Scandinavian design has found its way into every aspect of our lives. From electronics to furniture, fashion to architecture.
What Is Scandinavian?
In the interior design world “Scandinavian” signifies a kind of elegant minimalism: combining functionality with beauty. Focusing on simple lines and light spaces. A style heavily owed to the Bauhaus school, which taught the priority of function over form. The constraint of making something functional was liberating to designers, as they were able to make something beautiful out of it.
The Scandinavian aesthetic has continued with mass-produced designs available but still with a touch of style and beauty.
Where Did Scandinavian Design Come From?
The Scandinavian design movement emerged in the early 20th century and flourished through the five Nordic countries. From the 1930s a few prominent designers emerged, such as Arne Jacobsen (Denmark), Josef Frank (Sweden), Alvar Aalto and Maija Isola (both Finland). Their work created the ‘golden age of Scandinavian design’.
However, it wasn’t until the 1950s that Scandinavian design was recognized internationally. In 1951 the owner of the New York agency for Georg Jensen, Frederik Lunning instituted ‘The Lunning Prize’. Up until 1971, this prize was awarded every second year to outstanding Scandinavian designers. The designers were selected by a group of peers from Denmark, Finland, Norway and Sweden. The Lunning Prize helped to establish the profile of Scandinavian designers around the world.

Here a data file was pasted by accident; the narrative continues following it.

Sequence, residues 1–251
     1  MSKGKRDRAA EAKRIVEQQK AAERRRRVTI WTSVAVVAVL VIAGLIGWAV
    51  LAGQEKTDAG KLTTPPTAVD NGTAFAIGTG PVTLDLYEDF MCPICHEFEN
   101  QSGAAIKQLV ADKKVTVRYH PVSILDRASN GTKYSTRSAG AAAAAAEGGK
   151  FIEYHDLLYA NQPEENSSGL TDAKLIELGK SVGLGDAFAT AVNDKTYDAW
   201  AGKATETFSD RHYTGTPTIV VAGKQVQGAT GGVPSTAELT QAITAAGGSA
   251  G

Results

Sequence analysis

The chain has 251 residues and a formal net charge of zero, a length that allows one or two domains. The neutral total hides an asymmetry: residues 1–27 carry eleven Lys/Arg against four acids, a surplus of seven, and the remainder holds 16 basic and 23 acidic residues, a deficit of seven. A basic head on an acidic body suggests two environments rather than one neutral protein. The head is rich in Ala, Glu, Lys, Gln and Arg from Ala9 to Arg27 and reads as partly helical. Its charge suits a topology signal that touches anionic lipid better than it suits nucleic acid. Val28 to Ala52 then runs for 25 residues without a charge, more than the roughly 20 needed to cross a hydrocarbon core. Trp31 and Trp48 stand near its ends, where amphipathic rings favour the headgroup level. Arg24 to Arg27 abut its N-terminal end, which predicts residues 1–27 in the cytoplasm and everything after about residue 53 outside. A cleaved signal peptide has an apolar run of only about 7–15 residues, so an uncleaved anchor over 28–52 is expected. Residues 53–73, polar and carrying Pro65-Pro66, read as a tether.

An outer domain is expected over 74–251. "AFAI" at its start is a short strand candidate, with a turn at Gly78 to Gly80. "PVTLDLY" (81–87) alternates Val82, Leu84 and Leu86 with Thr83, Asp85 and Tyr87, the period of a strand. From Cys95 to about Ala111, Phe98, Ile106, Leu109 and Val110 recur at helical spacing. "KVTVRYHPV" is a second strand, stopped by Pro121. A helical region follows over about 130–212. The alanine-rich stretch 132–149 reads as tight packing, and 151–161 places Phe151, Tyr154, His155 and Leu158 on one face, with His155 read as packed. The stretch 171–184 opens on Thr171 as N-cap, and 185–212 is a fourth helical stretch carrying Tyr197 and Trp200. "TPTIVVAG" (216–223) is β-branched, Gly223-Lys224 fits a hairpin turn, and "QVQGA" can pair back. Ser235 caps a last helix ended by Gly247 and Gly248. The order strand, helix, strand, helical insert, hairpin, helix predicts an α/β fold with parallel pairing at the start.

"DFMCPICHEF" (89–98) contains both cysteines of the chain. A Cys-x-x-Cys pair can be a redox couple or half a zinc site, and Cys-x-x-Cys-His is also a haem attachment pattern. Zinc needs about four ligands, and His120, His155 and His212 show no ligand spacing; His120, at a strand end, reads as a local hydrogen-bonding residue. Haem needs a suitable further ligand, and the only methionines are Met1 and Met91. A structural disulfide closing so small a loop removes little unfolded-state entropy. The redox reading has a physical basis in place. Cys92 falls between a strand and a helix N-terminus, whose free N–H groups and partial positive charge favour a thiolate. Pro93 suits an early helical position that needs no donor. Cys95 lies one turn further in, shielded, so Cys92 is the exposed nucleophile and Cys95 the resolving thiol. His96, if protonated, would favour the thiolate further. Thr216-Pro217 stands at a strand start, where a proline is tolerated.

Making A Global Mark
Since then, this minimalist European design has acclaimed many prominent Scandinavian designers. Each making a global mark by creating unique furnishings and housewares. Ikea notably springs to mind when people mention Scandinavian furniture. However, there’s much more to it than the iconic budget store. Scandinavian design extends to the countries of Denmark, Norway, Sweden and Finland. All characterised by simplicity, functionality and minimalism.
Denmark may be the smallest of the Scandinavian countries but since the 1960s has specialised in big-name designers. These include Verner Panton – known for his bold and abstract work and Jorn Utzon – the architect responsible for the Sydney Opera House.
Hans Wegner, arguably Denmark’s most famous furniture designer, gained international fame for his “round chair”. In the 50s, Interiors Magazine named it ‘the worlds most beautiful chair’. It also provided a solid basis for many of his later chairs such as plank Chair, Easy Chair, Peacock Chair, Windsor Chair and Wishbone Chair.
Scandinavian Design Materials And Colours
Scandinavian decor is characterised by organic, natural fabrics. Think chunky, warm woollen knits and loose weave textures, such as linens and cotton. Furs also play a role in this design style along with anything reflecting nature.
Colours are generally neutral and monochromatic. Bright, warm whites with black and tans. Pops of pale accent colours reminiscent of nature, such as sage, grey-blues and dusky pinks.
Light wooden furniture and leafy green plants are common features. Attention to detail and high-quality materials are always evident in the designs. A simplistic yet artful approach are always apparent. Simple straight lines combined with understated ornateness.
The minimal, clean approach that’s light filled and clutter free is popular with Australian homeowners today. Scandinavian furniture is like art and will last for a lifetime. With its usability and simplicity you can’t go wrong going Scandinavian design in your home.